Over the last two years, the positive news of a Myanmar embracing democracy and engaging with the developed world has been consistently offset by reports of sectarian violence between Buddhists and the minority Rohingya Muslim population. Estimates suggest that 300 Muslims have been killed and up to 300,000 displaced as refugees since the military junta nominally ceded power in 2011. No longer is this violence restricted to the state of Rakhine where the majority of Burmese Muslims live. Major incidents are reported in states as far south as Thaketa, just a few miles from Yangon, the cultural, historic and business capitol of the country which is now awash with western businessmen drinking expensive cocktails in expensive hotels. This worrying trend of more frequent and more widely spread violence threatens to derail the country’s turnaround.
As violence in Myanmar creeps closer to the capitol, shown below, the genocide taboo creeps closer to the consciousness of the west.
The violence we are forced to consider here is of the most disturbing kind — indiscriminate, brutal, and deadly. A further disturbing element is the widespread belief that government forces are supporting the violence by turning a blind eye. There are many reports of government forces standing by and, if not actively encouraging, being less than heavy-handed with Buddhist perpetrators. There is some convincing video evidence of this around the news sites and on YouTube. Convictions relating to sectarian violence have been proportionately more prevalent for Muslims who have also seen harsher sentences handed down. Despite political reforms, power is still in the hands of the military, and currently concentrated in the hands of exclusively ethnic Burmese Buddhists.
For those who believe that “genocide” is too shocking a term to use here, I would respond: The Rakhine Buddhists refer to the Rohingya as Bengali rather than Burmese and believe they are illegal immigrants despite their having settling in the Rakhine region centuries ago. By denying their history and denying the Rohingya’s right to call Myanmar home, I believe the term “genocide” can be used without hyperbole to describe this systematic approach to removing an ethnic minority. Human Rights Watch (HRW) agrees.
This makes my recent Sunday morning browse of the papers all the more extraordinary: Continue reading
The HRW report accused the Burmese government of engaging “in a campaign of ethnic cleansing against the Rohingya that continues today through the denial of aid and restrictions on movement”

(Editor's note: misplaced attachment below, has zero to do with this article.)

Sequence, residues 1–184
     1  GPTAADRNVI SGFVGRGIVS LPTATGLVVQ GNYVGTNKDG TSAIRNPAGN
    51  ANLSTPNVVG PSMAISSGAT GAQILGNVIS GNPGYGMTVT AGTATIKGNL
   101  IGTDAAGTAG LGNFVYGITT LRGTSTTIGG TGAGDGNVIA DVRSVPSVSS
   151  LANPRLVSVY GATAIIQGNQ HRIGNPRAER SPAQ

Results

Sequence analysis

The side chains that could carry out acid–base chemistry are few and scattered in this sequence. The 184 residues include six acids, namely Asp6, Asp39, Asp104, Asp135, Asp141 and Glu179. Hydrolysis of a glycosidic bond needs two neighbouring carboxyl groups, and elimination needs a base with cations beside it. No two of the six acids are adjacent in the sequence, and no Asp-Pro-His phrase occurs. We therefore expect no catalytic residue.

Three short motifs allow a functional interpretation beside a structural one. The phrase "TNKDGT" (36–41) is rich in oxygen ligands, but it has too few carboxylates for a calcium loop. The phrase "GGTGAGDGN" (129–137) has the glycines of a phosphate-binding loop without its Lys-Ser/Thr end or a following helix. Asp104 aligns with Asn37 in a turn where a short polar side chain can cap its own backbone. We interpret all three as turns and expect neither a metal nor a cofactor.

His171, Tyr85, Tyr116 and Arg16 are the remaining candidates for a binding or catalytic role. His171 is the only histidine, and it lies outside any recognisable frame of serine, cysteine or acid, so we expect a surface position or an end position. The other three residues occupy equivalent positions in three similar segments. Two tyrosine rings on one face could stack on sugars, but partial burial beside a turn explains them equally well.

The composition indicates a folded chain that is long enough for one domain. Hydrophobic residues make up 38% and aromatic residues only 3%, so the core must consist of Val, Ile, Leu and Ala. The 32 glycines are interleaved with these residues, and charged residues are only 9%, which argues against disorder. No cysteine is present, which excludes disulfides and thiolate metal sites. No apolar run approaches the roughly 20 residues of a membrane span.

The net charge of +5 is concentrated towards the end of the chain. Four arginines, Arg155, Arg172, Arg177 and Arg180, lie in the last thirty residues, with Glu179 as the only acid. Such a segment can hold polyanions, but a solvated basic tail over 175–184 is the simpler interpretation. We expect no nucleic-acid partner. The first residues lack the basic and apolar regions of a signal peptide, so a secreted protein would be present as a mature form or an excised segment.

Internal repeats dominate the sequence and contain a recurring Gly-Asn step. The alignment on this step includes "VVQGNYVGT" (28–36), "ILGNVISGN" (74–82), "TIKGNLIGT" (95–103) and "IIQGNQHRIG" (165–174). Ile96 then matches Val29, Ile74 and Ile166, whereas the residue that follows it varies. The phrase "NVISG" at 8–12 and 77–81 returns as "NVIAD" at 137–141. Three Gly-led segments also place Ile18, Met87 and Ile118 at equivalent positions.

Britain conquered Burma over a period of 62 years (1824-1886) and incorporated it into its Indian Empire, administering it as a province of India until 1937 when it became a separate, self-governing colony. Burma was granted independence in 1948.
Post-independence, Burma took measures to strengthen the economic interests of the Buddhist Burmese against those that it saw as foreigners. These measures were intelligently masked to portray generality but most specifically hurt the Rohingya who constituted the biggest section in the Muslim population of independent Burma. Among the several Acts passed by the Burmese government in 1948, the Land Alienation Act forbade the sale of land to non-Burmese nationals while denying citizenship to anyone who could not prove his ancestors settled in the country before 1823. As a result, Muslims in its Arakan province, whose ancestors were in Burma and contributed to its economic activity even a century ago, were denied their right to own land and, therefore, any benefit accruing out of such ownership. Continue reading
PHANG NGA, Thailand (Thomson Reuters Foundation) – Record numbers of stateless Rohingya Muslims are fleeing Myanmar following two bouts of sectarian violence last year that left scores dead and some 140,000 displaced, most of them Muslims.
Estimates on the number of people leaving on boats from the Bay of Bengal between June 2012 and May 2013 range from 27,000 to nearly 35,000 – the biggest exodus in years.
Some passengers were from Bangladesh but most were Rohingya, who have lived in Myanmar for generations but are denied citizenship.
Zawbader Hattu, 31, was one of them. Detained in a government-run shelter in southern Thailand with about 60 other women and children since February, she told Thomson Reuters Foundation why she left Myanmar. Continue reading
Thailand’s navy denied on Friday a Reuters report that its personnel were involved in a lucrative smuggling and trafficking network that exploits minority Rohingya Muslims fleeing persecution in Myanmar.
The Reuters investigation, citing people smugglers and Rohingyas who made the journey, found that Thai naval security forces were involved in the smuggling of Rohingya Muslims.
They have fled Myanmar, also known as Burma, in sharply growing numbers over the last year following outbreaks of religious violence at home.
The smuggling network, centred on the west coast of southern Thailand, transports thousands of Rohingya mainly into neighbouring Malaysia, a Muslim-majority country the Rohingya view as a haven from persecution. Continue reading
Bangladesh capital Dhaka has cracked down on migration from neighbouring Myanmar, closing its border, refusing to support asylum seekers and turning back boats.
Surakatun and her family have been eating boiled leaves and rice for the past three days.
It’s a normal lunch at the unofficial refugee camp in Kutupalong – once the pots are empty, that’s it.
“My husband is old now so if I don’t go out and beg we go hungry,” she said.